2002 Founders' Celebration Events

Legitimating Fictions A Symposium on Law and Literature

March 1, 2002

Washington College of Law hosted a one-day symposium that both emphasized recent developments in contemporary interdisciplinary law and literature scholarship and teaching that reflects critically on the state of the interdiscipline at the millenniums's turn. Confirmed speakers include Peter Goodrich, Benjamin N. Cardozo School of Law, Yeshiva University; David Caudill, Washington and Lee University School of Law; Australian Scholar William MacNeil, Griffith University School of Law; and WCL Professors Mark Niles and Penelope Pether.


8:30 am
Registration and Breakfast

9:00 am
Welcome and Opening Remarks

9:15 am - 10:30 am

  • David S. Caudill, "Scientific Narratives in Law: Contours of a Law, Literature, and Science Movement"

  • Adam Thurschwell, "Law and Literature and the Right to Death"

10:30 am - 10:50 am

10:50 am - 12:30 pm
Law and Popular Culture

  • Blake D. Morant, "Lawyers and Television: Lights, Cameras, Action, and the Theory of Presentment"

  • Mark Niles, "The Relationship Between Law and Justice in American Popular Culture"

  • William MacNeil, "You Slay Me! Buffy as Jurisprude of Desire"

12:30 pm - 1:30 pm

1:30 pm - 2:45 pm
Subjects of Law and Gender

  • Peter Goodrich, "Amici Curiae: Lawful Manhood and Other Juristic Fictions in Renaissance England"

  • Penelope Pether, "Reading Measure for Measure: towards an equitable foundational legal pedagogy"

2:45 pm - 3:00 pm

David S. Caudill, J.D., Ph.D. (philosophy), is Professor of Law at Washington and Lee University. His books include Lacan and the Subject of Law (1997), and his current research and recent publications are in the field of law/science relations, including admissibility of the testimony of expert witnesses.

Peter Goodrich is Professor of Law at Cardozo Law School, New York. He is author of Reading the Law (Oxford, 1986); Legal Discourse (London, 1992) and most recently of Oedipus Lex (Berkeley, 1996) and Law in the Courts of Love (1998). He is currently working on a book on the laws of friendship.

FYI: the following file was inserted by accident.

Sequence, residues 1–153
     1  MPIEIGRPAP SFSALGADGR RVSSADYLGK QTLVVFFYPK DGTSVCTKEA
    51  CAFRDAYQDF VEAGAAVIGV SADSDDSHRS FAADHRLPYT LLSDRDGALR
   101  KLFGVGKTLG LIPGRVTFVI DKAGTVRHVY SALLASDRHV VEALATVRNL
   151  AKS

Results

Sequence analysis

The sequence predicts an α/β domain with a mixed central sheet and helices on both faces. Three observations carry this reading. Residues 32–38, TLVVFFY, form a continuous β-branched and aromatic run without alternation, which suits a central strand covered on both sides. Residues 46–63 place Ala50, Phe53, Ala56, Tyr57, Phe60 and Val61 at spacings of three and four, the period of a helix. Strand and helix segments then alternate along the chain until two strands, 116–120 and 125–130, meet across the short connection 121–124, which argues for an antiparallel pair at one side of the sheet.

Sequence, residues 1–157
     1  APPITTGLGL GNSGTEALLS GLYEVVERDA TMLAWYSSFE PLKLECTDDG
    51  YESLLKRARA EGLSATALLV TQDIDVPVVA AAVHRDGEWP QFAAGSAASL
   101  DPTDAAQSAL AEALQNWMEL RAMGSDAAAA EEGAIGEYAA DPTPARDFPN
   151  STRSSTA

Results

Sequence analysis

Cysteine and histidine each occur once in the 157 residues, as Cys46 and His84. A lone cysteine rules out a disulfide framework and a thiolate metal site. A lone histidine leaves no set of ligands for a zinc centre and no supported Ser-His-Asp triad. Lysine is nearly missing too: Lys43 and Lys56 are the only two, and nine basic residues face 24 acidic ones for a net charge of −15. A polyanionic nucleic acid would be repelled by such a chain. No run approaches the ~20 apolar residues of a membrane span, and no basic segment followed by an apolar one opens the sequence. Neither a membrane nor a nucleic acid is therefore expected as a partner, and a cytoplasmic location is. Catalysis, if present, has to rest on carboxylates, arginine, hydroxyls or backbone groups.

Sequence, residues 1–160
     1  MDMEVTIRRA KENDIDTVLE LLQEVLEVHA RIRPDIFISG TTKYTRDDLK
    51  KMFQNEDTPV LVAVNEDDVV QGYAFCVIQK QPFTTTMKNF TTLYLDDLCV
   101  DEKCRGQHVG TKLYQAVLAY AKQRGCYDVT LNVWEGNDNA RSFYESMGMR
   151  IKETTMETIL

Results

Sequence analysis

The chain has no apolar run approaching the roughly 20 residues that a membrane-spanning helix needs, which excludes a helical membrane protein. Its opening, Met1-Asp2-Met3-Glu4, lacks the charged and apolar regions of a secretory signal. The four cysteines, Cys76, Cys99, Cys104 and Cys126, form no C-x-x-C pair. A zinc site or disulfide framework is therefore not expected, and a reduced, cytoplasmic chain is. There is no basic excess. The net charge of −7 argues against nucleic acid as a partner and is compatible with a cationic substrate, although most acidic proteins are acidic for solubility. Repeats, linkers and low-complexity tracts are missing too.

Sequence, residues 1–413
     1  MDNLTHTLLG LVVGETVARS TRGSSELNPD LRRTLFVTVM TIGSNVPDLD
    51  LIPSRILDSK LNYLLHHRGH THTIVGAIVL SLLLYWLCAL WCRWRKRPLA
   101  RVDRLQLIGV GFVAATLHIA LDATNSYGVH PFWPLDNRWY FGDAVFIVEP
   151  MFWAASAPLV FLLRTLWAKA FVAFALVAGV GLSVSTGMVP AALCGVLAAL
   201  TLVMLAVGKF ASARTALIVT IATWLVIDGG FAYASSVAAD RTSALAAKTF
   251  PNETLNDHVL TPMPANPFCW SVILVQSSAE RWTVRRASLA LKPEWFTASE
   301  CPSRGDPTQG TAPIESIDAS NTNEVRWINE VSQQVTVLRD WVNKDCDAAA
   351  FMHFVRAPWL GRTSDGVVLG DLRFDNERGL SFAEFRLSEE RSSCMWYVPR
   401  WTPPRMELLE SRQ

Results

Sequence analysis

William MacNeil, MA (Tor), LLB (Dal), LLM (Lond), JSD (Col), teaches at Griffith University (Nathan Campus), Brisbane, Australia. Additionally, he is a Loewenstein Visiting Fellow in Jurisprudence and Political Science in the Department of Political Science, Amherst College, Amherst, Ma, USA where he is completing a book on law and popular culture.

Blake D. Morant is Professor of Law and Director, Francis Lewis Law Center, Washington and Lee University School of Law. Professor Morant's scholarship includes contract theory, communications and media law, law and social psychology, and law and literature.

Mark Niles is a graduate of Wesleyan University and Stanford Law School and an associate professor at American University, Washington College of Law. He has taught Civil Procedure, Administrative Law, Governmental Liability, and Law and Popular Culture since 1998.

Penelope Pether, BA, LLB, PhD (Syd.); MLitt (UNE) is Associate Professor of Law at American University Washington College of Law, where she teaches Legal Rhetoric and Criminal Law. She is a former President of the Law and Literature Association of Australia, and is a member of the editorial boards of Law and Critique, Law and Literature, and Law/Text/Culture. Professor Pether has published widely on law, literature and feminism; legal discourse and rhetoric; and legal theory. She has a particular interest in legal subject formation.

Adam Thurschwell is Assistant Professor of Law, Cleveland-Marshall College of Law, Cleveland State University. He has represented defendants in capital prosecutions, including Terry Nichols, one of the two individuals charged in the federal Oklahoma City bombing case. He writes about contemporary continental philosophy and about the death penalty.